Law enforcement agencies in San Francisco plan to work together this holiday season to tackle car break-ins that number 70 per day in The City.
Over the next 60 days, a task force intended to combat auto burglaries and retail theft will target the neighborhoods and commercial corridors affected most by vehicle break-ins. The collaborative effort, known as “Operation Tangled Web,” brings together personnel and resources fromt he San Francisco Police and Sheriff’s departments, California Highway Patrol and the District Attorney’s Office.
The announcement, made by Interim District Attorney Suzy Loftus, who is running for the office, comes five days before voters will decide who they want as DA in Tuesday’s local election.
“When two percent of the people breaking into cars are getting arrested, that means … a lot of folks are coming here because they think they’ll get away with it,” Loftus said. “Today’s about all of these agencies working together with a unified message — that we are going to work together to hold people accountable.”
Loftus said the abysmal arrest rate for vehicle break-ins is due largely to agencies working independently of one another.
Auto burglaries spiked in 2017 when SFPD recorded more than 31,000 cases. Though that number has continued to decrease over the last two years, San Francisco is still seeing an average of 70 car break-ins per day, Loftus said.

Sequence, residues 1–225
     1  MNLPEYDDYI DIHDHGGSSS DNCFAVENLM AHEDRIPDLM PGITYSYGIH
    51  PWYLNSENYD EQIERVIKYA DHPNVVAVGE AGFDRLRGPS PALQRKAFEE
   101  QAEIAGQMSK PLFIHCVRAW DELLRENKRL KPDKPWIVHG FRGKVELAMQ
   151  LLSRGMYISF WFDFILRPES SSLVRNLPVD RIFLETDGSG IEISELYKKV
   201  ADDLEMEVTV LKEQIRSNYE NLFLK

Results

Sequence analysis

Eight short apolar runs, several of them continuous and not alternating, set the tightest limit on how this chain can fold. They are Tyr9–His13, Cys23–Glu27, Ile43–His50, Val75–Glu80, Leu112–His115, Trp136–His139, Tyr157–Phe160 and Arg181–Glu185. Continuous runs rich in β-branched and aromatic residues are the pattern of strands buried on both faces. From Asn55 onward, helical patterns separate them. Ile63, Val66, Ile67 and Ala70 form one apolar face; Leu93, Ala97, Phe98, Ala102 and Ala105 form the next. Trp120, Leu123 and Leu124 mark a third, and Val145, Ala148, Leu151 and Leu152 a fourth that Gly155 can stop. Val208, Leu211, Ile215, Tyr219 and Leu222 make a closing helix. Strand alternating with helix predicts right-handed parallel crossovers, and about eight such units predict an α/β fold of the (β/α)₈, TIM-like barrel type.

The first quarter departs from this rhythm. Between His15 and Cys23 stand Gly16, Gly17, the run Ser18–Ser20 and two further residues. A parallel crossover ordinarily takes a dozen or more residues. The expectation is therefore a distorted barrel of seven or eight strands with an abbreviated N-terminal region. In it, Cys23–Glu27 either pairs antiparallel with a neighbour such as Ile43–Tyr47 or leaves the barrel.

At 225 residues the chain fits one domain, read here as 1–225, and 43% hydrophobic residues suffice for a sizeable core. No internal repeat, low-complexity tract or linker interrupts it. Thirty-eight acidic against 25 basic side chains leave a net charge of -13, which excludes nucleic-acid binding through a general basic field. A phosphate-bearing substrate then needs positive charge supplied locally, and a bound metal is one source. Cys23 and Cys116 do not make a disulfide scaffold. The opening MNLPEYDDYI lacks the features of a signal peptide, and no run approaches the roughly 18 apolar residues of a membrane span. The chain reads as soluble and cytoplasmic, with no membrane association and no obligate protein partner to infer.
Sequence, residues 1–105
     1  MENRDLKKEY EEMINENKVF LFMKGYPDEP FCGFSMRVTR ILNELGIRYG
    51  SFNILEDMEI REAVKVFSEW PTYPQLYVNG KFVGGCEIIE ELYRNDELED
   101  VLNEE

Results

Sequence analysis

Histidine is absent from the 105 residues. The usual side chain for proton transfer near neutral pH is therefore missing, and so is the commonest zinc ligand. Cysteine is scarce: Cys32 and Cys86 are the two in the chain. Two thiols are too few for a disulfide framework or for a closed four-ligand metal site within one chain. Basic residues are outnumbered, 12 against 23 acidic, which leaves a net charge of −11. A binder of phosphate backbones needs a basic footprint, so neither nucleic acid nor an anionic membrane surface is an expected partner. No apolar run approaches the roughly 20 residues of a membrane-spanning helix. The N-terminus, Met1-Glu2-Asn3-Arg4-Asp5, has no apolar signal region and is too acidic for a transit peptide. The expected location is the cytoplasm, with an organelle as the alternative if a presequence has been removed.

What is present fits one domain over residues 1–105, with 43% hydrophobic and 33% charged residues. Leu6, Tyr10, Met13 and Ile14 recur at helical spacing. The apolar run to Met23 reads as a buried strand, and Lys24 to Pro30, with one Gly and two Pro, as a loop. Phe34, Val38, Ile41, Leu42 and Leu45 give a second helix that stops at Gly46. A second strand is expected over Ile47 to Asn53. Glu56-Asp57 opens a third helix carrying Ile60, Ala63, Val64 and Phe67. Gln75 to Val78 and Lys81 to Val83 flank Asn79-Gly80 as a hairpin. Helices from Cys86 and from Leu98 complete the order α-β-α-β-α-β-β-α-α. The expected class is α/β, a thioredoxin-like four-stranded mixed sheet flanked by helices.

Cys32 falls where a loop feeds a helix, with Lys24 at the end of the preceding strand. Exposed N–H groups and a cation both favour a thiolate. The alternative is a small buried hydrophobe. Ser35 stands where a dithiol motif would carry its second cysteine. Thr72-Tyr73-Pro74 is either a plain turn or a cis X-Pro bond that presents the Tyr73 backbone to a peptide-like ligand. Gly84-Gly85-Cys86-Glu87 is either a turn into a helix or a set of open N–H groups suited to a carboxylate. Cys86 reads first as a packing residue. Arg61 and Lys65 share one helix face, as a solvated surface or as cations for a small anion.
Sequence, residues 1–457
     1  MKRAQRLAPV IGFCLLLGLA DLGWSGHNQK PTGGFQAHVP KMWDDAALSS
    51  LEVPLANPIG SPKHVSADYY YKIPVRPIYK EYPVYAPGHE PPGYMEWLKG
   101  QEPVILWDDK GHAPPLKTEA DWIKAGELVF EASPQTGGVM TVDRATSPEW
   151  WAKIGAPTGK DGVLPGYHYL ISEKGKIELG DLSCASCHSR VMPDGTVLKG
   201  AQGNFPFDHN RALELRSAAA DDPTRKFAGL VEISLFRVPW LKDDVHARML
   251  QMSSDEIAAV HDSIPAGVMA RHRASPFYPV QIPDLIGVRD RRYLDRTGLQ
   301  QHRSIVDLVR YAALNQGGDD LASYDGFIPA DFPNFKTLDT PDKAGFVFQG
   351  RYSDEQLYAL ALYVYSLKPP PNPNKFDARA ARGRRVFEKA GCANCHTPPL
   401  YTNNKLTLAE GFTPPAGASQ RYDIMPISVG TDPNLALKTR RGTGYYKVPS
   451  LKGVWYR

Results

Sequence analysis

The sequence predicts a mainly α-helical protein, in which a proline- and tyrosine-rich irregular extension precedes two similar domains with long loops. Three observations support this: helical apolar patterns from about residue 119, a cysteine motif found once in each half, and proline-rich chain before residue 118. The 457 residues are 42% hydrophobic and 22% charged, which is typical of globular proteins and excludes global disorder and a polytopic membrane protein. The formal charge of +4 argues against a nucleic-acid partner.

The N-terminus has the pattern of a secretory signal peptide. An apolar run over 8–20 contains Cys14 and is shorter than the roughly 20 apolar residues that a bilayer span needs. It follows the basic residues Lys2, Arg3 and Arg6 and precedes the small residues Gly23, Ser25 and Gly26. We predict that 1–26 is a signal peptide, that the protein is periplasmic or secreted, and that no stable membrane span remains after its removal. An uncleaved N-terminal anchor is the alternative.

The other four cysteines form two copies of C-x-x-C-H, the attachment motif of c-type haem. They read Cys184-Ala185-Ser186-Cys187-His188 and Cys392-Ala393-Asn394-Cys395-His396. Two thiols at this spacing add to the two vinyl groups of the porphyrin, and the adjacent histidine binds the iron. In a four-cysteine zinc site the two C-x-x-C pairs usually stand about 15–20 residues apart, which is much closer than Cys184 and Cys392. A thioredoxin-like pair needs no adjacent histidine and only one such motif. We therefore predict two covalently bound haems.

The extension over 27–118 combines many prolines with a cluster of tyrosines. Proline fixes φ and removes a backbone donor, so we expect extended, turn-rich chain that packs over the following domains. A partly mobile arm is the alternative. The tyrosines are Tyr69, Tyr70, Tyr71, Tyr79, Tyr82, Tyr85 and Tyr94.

“Although we’ve had modest reductions this year, it’s not enough,” SFPD Chief William Scott said. “These crimes haunt our city. Many of you probably have been victims of car break-ins — many of us standing here in law enforcement have been victims of car break-ins — and we know that we can do better.”
Operation Tangled Web also targets retail theft and fencing, the crime of buying and reselling stolen merchandise. Lucrative black markets for stolen goods fuel the instances of car break-ins throughout the City. Officials said they consider this organized crime and look to attack the ring at all levels to further reduce rates of auto burglary.
“We know that there’s a small amount of people that are very organized and commit these crimes, and that’s what we’re going after,” Scott said. “We want to make a difference. We want our city to be the safest city in this country, and we’re working towards that.”
Officials will compile over the 60 days to determine the task force’s impact.
Law enforcement officials are also asking city residents who burglaries to send them videos, pictures, license plate numbers and any other information that may be relevant to their investigation.
The task force will be using “new resources specifically from the CHP,” according to a press release. Although officials declined to share their specific tactics during the press conference, aerial surveillance was mentioned.
“We have the same type of operations kicking off in Southern California, both in Los Angeles and in San Diego,” CHP Golden Gate Division Chief Ernie Sanchez said. “Now, with intelligence sharing that we will have with SFPD, we will be able to assist them with these organizations that are coming from outside the City, not just from the Bay Area but from throughout the state of California, maybe even from throughout the nation. And that is the element that the California Highway Patrol brings to the table.”